Goniobranchus tumulifera

Images courtesy of Fumiyo Nozaki
Madang, PNG

Goniobranchus tumulifera (Collingwood, 1881)

This specimen is a striking example of what we use to call Chromodoris tumulifera. The acid secreting mantle glands are easily seen along the edge of the mantle.

Chromodoris tumulifera has been reassigned to the genus Goniobranchus Pease, 1866. This new adventure was published by Rebecca Johnson and Terry Gosliner in the on-line journal - PLoS ONE The type species of the genus is Goniobranchus vibrata Pease, 1866.

Rebrecca and Terry state - "This clade includes all of the Indo-Pacific species of Chromodoris that are not part of the black-lined, planar egg mass clade, except Chromodoris alternata and Chromodoris ambiguus.

This phylogeny is the first to find definitive support for a clade of chromodorids, known to lay egg masses with extra-capsular yolk. When Pease designated Doris vibrata as the type species for the new genus Goniobranchus, he should have changed the ending of vibrata to vibratus to reflect the masculine gender of the -us ending. We have made that correction here and changed the gender of all of the species names that require changing (names derived from adjectives) in Goniobranchus."

Of the more than 300 species in Chromodorididae just under half find themselves in a new genus. To gain full benefit from the huge scientific contribution open and print all of the tables, figures and attachments.

Among the species finding themselves in Goniobranchchus, are some of my favorites: Goniobranchus cazae, Goniobranchus roboi, and Goniobranchus hintuanensis courtesy of Bill Rudman's Sea Slug Forum. Other genera proposed for the chromodorids include: Dorisprismatica, Felimida, and Felimare.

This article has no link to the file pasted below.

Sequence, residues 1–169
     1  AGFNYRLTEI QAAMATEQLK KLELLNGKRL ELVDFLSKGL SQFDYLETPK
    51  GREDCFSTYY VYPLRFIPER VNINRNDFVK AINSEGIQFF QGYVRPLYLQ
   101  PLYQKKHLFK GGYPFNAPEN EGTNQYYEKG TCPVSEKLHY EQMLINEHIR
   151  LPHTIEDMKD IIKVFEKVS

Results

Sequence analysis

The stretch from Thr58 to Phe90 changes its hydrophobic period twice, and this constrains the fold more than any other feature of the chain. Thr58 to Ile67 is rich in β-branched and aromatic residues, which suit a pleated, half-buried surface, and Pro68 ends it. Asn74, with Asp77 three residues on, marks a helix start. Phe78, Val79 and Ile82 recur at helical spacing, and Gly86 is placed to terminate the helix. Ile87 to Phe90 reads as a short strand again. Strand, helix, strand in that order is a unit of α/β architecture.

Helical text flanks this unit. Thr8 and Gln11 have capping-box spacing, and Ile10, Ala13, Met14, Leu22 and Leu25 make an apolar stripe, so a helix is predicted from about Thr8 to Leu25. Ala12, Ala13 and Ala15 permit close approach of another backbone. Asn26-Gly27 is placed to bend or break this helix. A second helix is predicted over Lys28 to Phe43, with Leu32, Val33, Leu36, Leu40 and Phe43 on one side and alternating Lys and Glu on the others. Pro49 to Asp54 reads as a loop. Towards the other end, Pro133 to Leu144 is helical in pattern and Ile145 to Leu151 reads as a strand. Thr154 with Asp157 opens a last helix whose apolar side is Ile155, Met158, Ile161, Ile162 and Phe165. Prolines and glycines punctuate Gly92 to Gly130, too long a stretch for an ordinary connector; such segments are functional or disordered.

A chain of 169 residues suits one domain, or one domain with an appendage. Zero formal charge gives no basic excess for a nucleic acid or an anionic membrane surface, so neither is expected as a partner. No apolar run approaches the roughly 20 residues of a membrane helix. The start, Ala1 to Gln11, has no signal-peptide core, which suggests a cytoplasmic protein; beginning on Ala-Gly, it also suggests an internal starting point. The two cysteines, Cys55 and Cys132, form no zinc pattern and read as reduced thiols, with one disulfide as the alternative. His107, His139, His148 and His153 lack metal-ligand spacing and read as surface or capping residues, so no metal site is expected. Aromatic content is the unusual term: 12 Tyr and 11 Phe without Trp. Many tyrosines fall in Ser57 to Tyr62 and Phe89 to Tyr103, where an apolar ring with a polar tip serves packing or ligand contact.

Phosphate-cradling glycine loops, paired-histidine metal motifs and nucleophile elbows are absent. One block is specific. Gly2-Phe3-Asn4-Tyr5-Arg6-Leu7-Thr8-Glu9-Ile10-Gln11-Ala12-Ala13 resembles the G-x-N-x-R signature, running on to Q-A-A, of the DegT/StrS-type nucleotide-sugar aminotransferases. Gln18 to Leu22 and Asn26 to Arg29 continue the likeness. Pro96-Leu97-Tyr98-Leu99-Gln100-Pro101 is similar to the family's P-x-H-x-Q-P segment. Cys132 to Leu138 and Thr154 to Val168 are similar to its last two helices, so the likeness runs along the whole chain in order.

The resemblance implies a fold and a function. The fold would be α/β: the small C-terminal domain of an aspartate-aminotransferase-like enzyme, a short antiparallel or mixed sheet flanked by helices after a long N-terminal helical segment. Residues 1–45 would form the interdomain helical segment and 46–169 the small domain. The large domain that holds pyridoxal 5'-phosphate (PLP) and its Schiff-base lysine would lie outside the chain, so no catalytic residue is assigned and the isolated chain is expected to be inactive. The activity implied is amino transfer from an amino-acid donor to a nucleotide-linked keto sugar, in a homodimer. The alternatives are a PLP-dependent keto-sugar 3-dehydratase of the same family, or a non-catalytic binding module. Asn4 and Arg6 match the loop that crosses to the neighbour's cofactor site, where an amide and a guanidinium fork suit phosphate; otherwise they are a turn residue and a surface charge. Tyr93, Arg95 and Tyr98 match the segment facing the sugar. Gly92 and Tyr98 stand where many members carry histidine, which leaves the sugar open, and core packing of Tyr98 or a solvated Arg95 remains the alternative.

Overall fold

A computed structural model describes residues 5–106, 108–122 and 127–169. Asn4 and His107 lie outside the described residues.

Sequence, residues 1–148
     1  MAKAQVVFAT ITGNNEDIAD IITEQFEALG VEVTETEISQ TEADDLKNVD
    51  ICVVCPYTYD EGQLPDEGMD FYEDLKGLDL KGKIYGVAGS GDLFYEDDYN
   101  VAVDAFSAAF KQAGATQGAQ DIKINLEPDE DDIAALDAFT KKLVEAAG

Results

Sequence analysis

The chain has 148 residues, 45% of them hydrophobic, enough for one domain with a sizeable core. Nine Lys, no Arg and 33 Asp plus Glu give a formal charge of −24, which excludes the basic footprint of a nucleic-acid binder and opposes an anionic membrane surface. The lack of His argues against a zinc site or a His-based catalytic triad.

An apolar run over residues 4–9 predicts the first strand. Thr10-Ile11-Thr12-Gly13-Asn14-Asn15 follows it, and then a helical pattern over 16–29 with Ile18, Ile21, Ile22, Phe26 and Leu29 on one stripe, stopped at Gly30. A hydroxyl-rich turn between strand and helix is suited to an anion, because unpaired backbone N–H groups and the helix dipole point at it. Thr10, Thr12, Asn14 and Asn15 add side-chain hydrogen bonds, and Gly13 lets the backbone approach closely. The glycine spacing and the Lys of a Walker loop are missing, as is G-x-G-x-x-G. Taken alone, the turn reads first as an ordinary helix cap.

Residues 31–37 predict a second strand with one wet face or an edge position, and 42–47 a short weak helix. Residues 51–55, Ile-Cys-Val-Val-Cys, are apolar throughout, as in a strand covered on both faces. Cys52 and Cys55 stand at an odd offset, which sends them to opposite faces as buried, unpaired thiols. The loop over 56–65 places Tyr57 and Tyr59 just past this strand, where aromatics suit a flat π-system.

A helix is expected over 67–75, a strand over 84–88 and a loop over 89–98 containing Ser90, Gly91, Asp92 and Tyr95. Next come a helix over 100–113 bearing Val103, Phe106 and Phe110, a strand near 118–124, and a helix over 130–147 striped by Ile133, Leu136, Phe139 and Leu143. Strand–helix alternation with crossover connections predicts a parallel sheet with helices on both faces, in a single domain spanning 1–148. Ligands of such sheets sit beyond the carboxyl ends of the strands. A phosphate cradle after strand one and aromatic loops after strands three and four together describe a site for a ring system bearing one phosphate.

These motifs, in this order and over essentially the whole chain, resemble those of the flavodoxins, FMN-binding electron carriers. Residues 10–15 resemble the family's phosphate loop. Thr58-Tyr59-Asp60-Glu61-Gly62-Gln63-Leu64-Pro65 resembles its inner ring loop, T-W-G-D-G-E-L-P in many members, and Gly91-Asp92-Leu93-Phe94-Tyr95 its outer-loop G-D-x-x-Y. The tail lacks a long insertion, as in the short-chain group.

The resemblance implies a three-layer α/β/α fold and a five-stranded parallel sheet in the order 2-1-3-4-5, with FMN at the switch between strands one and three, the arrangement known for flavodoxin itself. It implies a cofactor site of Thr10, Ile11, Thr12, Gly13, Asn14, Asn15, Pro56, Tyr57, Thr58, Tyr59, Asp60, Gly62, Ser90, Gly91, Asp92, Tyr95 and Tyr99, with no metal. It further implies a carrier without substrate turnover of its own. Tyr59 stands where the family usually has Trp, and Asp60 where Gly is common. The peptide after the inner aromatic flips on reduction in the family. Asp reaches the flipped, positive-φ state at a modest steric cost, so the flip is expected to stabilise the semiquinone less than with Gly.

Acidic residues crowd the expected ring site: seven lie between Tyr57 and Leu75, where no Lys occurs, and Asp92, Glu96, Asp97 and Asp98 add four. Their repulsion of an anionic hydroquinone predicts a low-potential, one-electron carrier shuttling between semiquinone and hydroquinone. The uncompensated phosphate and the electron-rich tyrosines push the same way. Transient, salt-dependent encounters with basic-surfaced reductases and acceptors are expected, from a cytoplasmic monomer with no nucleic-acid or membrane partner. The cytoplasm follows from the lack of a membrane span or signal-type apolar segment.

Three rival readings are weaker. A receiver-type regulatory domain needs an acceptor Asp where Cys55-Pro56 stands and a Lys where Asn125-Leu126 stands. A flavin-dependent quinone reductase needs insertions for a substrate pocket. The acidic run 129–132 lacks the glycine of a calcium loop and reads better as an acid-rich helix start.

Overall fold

Some of you may ask - Is an on-line publication a valid published document? PLoS ONE offers the following -

"The electronic version of this document does not represent a published work according to the International Code of Zoological Nomenclature (ICZN), and hence the nomenclatural acts contained in the electronic version are not available under that Code from the electronic edition. Therefore, a separate edition of this document was produced by a method that assures numerous identical and durable copies, and those copies were simultaneously obtainable (from the publication date noted on the first page of this article) for the purpose of providing a public and permanent scientific record, in accordance with Article 8.1 of the Code. The separate print-only edition is available on request from PLoS by sending a request to PLoS ONE, Public Library of Science, 1160 Battery Street, Suite 100, San Francisco, CA 94111, USA along with a check for $10 (to cover printing and postage) payable to "Public Library of Science."

I guess its time to cross out the names in our field guides and replace them with these

Dave Behrens
Sammamish, WA
Apr., 2012

Nozaki and friend

Last month while attending a Nudibranch Workshop at Lissenung Island Resort in PNG, I had the very rewarding experience of diving with Nozaki who just never seemed to run out of energy in making each dive the best that could be made of it! Her enthusiasm it seemed was boundless, when she wasn't in the water, she was helping in the kitchen or helping serve guests. Senior divers even got a neck massage while waiting for dinner one night! My best dive with her was at her Mandarin Fish dive site where while waiting for the magic mating moment of the Mandarin, she uncovered some sand covered cocoons from the bottom. After gentle prodding, guess what crawled out? Plakobranchus sp. 1 from the Indo Pacific Book! Nozaki and this guy will definitely be the subject of a future BOW!

Michael Miller
San Diego, Calif

From left to right, Terry Gosliner, Angel Valdes, Dave Behrens La Jolla, Calif.

Send Dave email at dave@seachallengers.com

© The Slug Site, Michael D. Miller 2012. All Rights Reserved.